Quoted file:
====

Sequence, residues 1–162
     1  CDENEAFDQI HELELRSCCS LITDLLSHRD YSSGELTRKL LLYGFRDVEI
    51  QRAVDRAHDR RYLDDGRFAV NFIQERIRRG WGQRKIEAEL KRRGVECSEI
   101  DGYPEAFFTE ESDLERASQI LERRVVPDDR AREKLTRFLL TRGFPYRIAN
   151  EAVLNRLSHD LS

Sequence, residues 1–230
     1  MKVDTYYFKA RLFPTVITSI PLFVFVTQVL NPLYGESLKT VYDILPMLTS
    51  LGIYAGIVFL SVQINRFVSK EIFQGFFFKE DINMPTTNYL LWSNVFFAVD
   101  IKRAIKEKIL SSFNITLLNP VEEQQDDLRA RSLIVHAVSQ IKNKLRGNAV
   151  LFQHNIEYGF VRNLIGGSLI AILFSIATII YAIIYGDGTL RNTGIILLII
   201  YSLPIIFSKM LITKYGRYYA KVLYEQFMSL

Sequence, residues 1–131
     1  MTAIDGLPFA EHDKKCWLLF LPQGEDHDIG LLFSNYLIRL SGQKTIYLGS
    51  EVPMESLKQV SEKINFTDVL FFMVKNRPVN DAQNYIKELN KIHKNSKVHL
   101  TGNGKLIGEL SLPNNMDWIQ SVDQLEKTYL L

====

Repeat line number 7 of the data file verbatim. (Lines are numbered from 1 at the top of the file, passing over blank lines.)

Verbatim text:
     1  MKVDTYYFKA RLFPTVITSI PLFVFVTQVL NPLYGESLKT VYDILPMLTS